Peers name Stanton NL Outstanding Player

Peers name Stanton NL Outstanding Player

MIAMI -- The gifts keep piling up for Giancarlo Stanton. On his 28th birthday Wednesday night, the Marlins All-Star right fielder received a prestigious present from his peers -- the Players Choice Award for being the National League's Outstanding Player.

The award was announced on MLB Network.

"That's awesome," Stanton said during his MLB Network interview. "Getting respect from fellow players just shows that all the hard work we all put in, you get appreciation from that."

Also up for the award were Rockies center fielder Charlie Blackmon and third baseman Nolan Arenado.

Complete 2017 Awards coverage

The Players Choice Awards benefit the Major League Baseball Players Trust. The eight winners receive $20,000 grants. Stanton said he was donating to his charity, All-Star Smiles, which provides dental work for underprivileged children.

It was Stanton's second Players Choice Award. He previously won Outstanding Player in 2014.

Stanton made a statement in his finest big league season, pacing the Majors in home runs (59) and RBIs (132).

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Stanton was up for two Players Choice Awards, but he came up short in the voting for Player of the Year. That went to Astros second baseman Jose Altuve. Arenado was the other finalist.

It's already been a busy offseason for Stanton in terms of awards.

During the World Series, Stanton received the National League Hank Aaron Award. Stanton also was one of three finalists for the Rawlings Gold Glove Award for National League right fielders, which went to Jason Heyward of the Cubs.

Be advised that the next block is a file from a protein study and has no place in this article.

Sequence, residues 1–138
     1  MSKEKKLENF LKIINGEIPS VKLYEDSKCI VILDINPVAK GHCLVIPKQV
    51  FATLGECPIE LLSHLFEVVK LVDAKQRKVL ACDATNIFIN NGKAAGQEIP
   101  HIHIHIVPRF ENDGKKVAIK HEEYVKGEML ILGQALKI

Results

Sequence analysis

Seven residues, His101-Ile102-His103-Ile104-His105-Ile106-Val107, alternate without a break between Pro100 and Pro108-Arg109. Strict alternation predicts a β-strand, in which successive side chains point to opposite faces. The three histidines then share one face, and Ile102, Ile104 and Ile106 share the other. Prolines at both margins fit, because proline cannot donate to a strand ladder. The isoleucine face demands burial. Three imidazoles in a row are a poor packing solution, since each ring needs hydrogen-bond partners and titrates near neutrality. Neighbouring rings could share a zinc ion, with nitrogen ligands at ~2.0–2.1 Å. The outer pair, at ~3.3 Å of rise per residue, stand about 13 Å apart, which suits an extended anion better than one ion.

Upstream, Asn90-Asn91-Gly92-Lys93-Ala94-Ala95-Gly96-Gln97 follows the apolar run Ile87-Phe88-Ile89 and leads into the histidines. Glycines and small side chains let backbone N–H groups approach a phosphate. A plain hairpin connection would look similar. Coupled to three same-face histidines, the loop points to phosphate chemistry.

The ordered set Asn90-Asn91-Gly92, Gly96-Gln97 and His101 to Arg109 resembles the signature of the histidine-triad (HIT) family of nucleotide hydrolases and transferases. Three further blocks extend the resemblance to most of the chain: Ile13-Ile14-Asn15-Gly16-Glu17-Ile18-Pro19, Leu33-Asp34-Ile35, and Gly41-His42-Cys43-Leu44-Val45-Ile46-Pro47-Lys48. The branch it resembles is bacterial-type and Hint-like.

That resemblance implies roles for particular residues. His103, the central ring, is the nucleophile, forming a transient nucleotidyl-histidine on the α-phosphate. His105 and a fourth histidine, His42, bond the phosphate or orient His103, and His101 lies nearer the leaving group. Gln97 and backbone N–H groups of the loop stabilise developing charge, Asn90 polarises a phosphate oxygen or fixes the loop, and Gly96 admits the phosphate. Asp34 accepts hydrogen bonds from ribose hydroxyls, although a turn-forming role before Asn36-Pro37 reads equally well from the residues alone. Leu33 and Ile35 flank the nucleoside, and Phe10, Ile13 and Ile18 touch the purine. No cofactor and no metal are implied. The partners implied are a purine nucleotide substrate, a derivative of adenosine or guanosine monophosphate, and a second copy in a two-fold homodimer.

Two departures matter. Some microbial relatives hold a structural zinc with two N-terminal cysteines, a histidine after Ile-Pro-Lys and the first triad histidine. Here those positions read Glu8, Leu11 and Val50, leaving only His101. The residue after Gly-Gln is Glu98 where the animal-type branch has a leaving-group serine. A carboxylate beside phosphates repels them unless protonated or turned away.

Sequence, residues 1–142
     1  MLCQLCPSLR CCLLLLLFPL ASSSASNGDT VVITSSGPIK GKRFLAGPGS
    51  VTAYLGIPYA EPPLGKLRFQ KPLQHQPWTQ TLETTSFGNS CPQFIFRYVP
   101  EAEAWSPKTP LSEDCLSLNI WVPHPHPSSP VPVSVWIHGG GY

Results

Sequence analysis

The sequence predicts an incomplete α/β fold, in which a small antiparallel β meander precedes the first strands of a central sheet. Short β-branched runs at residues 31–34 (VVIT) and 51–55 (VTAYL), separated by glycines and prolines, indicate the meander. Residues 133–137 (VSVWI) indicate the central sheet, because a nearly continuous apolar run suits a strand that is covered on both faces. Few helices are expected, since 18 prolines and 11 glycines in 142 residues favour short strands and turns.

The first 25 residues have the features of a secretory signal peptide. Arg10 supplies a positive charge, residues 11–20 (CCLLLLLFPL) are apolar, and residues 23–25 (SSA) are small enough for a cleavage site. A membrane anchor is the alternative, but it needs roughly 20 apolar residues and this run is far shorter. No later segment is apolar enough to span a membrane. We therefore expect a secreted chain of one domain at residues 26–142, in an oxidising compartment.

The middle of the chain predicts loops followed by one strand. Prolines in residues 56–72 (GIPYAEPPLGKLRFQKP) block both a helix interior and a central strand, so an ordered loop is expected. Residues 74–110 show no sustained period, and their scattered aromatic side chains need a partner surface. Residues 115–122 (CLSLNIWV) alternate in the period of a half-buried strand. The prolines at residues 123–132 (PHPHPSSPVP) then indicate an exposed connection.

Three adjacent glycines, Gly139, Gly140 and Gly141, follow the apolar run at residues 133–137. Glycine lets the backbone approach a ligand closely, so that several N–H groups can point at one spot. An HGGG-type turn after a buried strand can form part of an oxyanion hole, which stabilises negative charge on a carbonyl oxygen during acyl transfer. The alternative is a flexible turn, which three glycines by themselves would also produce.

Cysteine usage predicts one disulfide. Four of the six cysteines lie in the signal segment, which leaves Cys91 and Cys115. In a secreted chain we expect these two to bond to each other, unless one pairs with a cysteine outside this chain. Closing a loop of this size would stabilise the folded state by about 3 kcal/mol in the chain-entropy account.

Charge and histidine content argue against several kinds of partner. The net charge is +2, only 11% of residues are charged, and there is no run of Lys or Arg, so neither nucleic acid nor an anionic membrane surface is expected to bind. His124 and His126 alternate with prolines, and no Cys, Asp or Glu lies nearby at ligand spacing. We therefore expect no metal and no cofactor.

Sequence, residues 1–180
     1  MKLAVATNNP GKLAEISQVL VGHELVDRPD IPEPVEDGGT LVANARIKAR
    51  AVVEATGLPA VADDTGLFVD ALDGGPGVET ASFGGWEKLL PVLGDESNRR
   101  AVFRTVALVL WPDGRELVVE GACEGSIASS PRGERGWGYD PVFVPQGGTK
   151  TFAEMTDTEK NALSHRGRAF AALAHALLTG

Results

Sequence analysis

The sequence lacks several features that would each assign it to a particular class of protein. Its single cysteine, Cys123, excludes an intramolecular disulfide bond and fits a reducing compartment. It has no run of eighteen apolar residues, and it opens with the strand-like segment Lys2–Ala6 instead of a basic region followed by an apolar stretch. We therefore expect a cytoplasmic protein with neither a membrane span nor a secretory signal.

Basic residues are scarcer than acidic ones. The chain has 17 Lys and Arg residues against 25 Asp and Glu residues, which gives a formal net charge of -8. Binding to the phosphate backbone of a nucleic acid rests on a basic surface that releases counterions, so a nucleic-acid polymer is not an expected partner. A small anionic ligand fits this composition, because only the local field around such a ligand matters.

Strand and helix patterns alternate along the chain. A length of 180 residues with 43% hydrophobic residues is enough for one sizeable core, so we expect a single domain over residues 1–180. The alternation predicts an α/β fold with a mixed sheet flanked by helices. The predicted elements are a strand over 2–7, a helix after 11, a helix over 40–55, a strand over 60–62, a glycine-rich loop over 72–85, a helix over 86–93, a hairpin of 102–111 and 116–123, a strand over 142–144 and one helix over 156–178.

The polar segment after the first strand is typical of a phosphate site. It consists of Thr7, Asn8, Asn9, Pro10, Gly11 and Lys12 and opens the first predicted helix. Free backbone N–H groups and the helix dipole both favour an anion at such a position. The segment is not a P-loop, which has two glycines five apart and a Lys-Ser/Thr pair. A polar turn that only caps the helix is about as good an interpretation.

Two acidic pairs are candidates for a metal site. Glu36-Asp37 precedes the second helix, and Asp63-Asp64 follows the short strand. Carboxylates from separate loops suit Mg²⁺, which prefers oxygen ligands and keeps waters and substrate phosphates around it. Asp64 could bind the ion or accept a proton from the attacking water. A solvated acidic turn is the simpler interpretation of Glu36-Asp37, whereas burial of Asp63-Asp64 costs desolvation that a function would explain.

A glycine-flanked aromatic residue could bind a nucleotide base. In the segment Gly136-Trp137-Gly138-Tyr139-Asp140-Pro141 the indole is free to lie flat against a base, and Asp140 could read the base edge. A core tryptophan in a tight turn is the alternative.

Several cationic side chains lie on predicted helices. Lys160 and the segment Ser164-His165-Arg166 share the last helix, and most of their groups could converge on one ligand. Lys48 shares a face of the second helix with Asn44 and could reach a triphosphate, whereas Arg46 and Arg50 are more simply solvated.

The Silver Slugger Awards are scheduled for Thursday (6 p.m. ET on MLB Network) , and based on the fact Stanton boasted a .631 slugging percentage, his chances of collecting even more hardware appear to be high.

Stanton also is eyeing something never won by a Marlins player: The National League Most Valuable Player Award. He's a finalist with D-backs first baseman Paul Goldschmidt and Reds first baseman Joey Votto.

After a disappointing season in 2016 -- when he batted .240, hit 27 home runs and drove in 74 runs -- Stanton was determined to have a strong '17.

"How last year finished," Stanton said. "My down year, in general. I knew I had to bounce back. I knew I had to learn from all my big mistakes from last year and don't give up."

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Stanton enjoyed a historical season, and arguably the best individual year by a Marlin. The slugger shattered a pair of longstanding records in Miami history.

Gary Sheffield previously held the team mark of 42 home runs set in 1996. Preston Wilson was the franchise season RBI leader with 121 in 2000.

Stanton is the first Marlins player to lead the Majors in home runs and RBIs in a season. In 2014, he connected on 37 homers, which was also tops in the National League.

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In August, Stanton was the National League Player of the Month, as he tied an MLB record for home runs in the month with 18.

The 33 home runs by Stanton in the second half were the most by a Marlins player, breaking his old mark of 18.

Stanton had 10 multi-homer games -- another team record, and the most in the big leagues. The last player with 10 multi-homer games in the Majors was Albert Pujols, then with the Cardinals, in 2009.

Stanton had a slash line of .281/.376/.631, and he scored a personal-high 123 runs.

The 59 home runs are the most in the Majors since Barry Bonds' record-setting season of 73 in 2001. Sammy Sosa had 64 that year.

In MLB history, just six players have hit at least 59 home runs, and that milestone has been reached a total of 10 times.

Stanton's power has never been disputed. The question had always been health. From 2012-16, he hadn't played in more than 145 games. And in '16, he was limited to 119 games.

Durability was not an issue for Stanton in 2017, as he appeared in 159 games, and the numbers fell into place.

"I was out there all year," Stanton said. "I didn't have to take any breaks. I wasn't down for a couple of weeks or anything. I really learned from the ups and downs of the full season to master my craft."

Joe Frisaro has covered the Marlins for MLB.com since 2002. Follow him on Twitter @JoeFrisaro and listen to his podcast. This story was not subject to the approval of Major League Baseball or its clubs.